May 2, 2017
After not-so impressive Delaware, next up Maryland. And more specifically Ocean City. Ocean City is like any other boardwalk city on the US east coast, however it has one major thing going for it. At some point in time a someone somewhere once said that: “Ocean City might as well be the mini golf capital of the world”. Being a natural born talent when it comes to mini golf, that was all I needed to hear. We ended up doing nothing else but Mini Golf in Ocean city.
The actual reason for us visiting Maryland however wasn’t the amazing Mini Golf. It was Assateague Island, an island off the coast of Maryland where wild horses still roam free. Rumour has it that there are hundreds of horses present on the Island. After a couple hours of looking for them we found a grand total of 5. And in case you were wondering; No, wild horses don’t do anything amazing that your regular horses don’t.
On our way from Maryland to Shenandoah National Park we made a quick stop at Cox Farms, in Centreville close to Washington DC. At a party last month at one of our mutual friends we met Lucas who owns a farm in Virginia and from there runs one of the largest fall festivals in the country. With several hundred thousand people visiting the farm for the festivities in a six-week period during fall you can imagine the sheer size of the farm. Lucas was so kind to give us a tour of the property, a great experience and it was great to see someone be so passionate about the work they are doing. Even if that work includes coming up with murder houses, zombie plagues and other scares. If you ever are in the area during fall, please do take some time to visit.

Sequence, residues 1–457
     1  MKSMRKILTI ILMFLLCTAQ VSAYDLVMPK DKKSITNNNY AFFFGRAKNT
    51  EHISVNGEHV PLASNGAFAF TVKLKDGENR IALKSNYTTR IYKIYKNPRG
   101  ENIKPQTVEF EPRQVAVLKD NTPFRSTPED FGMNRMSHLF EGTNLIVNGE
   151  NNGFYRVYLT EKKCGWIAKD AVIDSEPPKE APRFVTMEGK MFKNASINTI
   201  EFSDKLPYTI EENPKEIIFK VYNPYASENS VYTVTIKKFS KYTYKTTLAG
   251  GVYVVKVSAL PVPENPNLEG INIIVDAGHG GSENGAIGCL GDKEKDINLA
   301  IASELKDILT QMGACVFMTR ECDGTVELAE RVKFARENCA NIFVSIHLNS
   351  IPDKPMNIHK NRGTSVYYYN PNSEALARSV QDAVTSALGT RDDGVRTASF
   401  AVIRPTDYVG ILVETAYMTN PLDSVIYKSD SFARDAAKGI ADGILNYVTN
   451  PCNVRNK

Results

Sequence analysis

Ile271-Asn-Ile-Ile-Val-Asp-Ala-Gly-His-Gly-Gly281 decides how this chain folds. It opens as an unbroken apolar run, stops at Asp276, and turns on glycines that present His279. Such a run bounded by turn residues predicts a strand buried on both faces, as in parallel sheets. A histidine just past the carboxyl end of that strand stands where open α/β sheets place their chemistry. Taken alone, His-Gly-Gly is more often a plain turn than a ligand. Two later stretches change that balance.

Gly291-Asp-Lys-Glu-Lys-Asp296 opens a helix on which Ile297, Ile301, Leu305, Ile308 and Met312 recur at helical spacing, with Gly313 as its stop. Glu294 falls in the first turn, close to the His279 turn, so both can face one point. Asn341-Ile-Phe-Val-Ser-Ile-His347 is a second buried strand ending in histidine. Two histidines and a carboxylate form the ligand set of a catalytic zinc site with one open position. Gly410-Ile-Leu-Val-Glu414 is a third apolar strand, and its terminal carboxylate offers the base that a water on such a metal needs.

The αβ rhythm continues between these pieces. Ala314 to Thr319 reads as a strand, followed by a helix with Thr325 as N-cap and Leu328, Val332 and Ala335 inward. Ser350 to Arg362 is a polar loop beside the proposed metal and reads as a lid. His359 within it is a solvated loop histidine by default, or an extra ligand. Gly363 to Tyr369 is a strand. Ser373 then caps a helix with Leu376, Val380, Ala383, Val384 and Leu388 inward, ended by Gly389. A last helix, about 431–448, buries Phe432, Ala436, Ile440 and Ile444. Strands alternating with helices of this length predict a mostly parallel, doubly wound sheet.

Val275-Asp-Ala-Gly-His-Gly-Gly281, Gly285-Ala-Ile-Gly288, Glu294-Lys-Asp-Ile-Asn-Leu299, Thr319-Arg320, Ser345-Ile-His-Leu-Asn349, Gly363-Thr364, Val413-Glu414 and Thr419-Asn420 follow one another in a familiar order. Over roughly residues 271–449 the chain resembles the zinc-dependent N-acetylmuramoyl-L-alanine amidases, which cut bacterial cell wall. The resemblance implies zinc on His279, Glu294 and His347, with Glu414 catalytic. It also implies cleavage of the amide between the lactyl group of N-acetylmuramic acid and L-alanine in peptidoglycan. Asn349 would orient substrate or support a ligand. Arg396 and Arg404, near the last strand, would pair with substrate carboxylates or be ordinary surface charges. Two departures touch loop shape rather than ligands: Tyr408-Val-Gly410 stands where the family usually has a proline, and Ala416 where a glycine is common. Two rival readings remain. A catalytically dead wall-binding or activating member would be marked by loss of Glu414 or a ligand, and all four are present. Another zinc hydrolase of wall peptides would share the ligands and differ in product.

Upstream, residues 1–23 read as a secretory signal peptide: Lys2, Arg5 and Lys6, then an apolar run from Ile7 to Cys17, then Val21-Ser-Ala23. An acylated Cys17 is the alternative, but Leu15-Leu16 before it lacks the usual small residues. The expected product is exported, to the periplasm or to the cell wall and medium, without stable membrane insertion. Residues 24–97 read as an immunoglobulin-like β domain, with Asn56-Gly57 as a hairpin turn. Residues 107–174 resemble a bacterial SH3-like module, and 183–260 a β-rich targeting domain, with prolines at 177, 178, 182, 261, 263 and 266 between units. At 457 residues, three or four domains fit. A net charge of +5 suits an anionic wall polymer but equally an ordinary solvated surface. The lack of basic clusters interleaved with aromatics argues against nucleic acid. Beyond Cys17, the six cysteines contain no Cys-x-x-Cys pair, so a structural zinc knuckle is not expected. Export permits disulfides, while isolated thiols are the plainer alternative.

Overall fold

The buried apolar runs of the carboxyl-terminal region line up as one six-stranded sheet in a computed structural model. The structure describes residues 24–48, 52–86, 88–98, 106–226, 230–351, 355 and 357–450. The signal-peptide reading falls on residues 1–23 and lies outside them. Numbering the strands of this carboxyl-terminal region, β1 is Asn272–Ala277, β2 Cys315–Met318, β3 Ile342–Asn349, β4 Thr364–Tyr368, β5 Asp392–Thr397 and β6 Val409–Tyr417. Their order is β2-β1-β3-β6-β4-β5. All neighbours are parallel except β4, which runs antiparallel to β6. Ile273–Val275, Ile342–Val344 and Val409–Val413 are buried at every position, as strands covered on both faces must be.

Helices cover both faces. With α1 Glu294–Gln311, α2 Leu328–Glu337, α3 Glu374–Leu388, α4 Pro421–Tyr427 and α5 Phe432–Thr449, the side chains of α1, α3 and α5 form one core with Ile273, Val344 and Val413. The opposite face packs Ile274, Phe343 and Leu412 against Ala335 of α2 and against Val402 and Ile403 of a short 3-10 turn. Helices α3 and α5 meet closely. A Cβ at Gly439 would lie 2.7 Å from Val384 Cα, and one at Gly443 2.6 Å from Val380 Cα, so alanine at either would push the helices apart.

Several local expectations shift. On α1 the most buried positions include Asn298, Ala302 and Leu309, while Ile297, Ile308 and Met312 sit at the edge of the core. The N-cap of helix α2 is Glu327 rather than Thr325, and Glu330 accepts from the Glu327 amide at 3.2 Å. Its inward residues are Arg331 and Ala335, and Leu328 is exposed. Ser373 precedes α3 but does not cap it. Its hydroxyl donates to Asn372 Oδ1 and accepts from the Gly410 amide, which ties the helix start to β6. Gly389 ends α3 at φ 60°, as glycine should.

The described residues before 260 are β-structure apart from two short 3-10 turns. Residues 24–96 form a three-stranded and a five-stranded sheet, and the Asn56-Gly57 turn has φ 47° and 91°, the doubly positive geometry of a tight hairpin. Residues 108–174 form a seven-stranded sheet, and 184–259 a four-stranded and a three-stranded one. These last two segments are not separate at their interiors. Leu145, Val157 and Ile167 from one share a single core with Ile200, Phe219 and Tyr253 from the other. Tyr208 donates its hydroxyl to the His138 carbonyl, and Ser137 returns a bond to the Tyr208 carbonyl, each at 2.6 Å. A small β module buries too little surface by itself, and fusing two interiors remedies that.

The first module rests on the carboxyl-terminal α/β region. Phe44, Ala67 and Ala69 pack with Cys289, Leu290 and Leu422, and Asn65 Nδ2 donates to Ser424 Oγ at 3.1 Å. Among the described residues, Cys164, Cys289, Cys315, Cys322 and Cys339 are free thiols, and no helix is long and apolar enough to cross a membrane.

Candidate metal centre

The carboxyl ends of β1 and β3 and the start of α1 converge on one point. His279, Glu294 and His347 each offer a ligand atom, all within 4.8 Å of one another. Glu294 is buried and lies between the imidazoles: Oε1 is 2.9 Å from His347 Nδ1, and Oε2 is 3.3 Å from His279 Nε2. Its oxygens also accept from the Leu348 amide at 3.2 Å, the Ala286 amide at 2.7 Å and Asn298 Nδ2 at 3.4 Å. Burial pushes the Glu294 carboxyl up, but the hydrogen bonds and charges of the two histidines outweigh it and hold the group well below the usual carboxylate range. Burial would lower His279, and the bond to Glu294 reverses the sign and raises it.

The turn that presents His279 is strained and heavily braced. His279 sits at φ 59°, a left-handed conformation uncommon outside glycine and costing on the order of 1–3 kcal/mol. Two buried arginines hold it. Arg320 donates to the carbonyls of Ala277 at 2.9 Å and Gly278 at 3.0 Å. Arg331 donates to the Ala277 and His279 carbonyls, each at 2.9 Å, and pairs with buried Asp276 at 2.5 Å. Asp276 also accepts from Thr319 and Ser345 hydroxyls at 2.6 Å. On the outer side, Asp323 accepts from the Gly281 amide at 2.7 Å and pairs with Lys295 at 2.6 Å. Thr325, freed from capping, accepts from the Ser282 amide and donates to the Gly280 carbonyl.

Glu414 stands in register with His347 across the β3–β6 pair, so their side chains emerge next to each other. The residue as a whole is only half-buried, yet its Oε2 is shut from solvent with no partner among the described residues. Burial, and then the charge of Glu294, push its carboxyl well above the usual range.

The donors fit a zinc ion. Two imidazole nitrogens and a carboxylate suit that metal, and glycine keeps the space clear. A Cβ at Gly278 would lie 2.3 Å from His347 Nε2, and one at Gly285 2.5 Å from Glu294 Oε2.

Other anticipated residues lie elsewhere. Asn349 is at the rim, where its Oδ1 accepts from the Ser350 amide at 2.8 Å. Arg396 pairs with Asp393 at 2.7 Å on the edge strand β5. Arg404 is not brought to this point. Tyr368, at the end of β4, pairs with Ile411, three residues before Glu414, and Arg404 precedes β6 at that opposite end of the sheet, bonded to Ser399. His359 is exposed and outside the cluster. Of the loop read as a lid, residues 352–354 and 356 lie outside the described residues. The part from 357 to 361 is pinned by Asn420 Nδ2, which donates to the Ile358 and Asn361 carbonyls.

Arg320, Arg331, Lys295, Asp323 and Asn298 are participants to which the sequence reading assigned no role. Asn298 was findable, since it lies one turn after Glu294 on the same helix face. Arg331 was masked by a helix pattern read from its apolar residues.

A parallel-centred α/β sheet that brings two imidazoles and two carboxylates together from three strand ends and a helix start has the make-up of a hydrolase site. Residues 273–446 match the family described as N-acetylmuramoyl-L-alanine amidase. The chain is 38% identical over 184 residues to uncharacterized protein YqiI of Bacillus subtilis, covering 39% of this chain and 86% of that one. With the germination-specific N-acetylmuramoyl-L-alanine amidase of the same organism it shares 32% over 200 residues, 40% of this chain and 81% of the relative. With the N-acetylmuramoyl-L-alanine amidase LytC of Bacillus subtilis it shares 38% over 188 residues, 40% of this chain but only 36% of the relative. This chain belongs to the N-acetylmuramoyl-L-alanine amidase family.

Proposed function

Many songs have been written about the long and winding roads of Skyline Drive (Shenandoah National Park) and the Blue Ridge Parkway and the mountains that wrap around them. And its interesting how often you can listen to the same three John Denver songs on repeat before you get tired of it. After 10 hours, we haven’t reached that point yet.
Hundreds of miles of scenic drives, with amazing views around every second corner and because we are very early in the season we seem to be the only people currently enjoying this splendour. At some point we were cruising the Blue Ridge Parkway for more than an hour without running into any other cars, which has lead the “dead animal” to “human” ratio of encounters we have had to severely tip in favour of “dead animal”. A possible explanation of the apparent absence of human life in these parks might be the fact that so far 90% of our time was either spend in thick mist or in rain coming down so fast that we couldn’t see five meters in front of us. Luckily West Virginia managed to help us out by putting the Lost World Caves in our path to explore. Surely once we are 120ft below the ground the rain can’t get to us? Right? Wrong. Clearly I didn’t think this through; caves in part only exist because the rain water actually managed to get inside…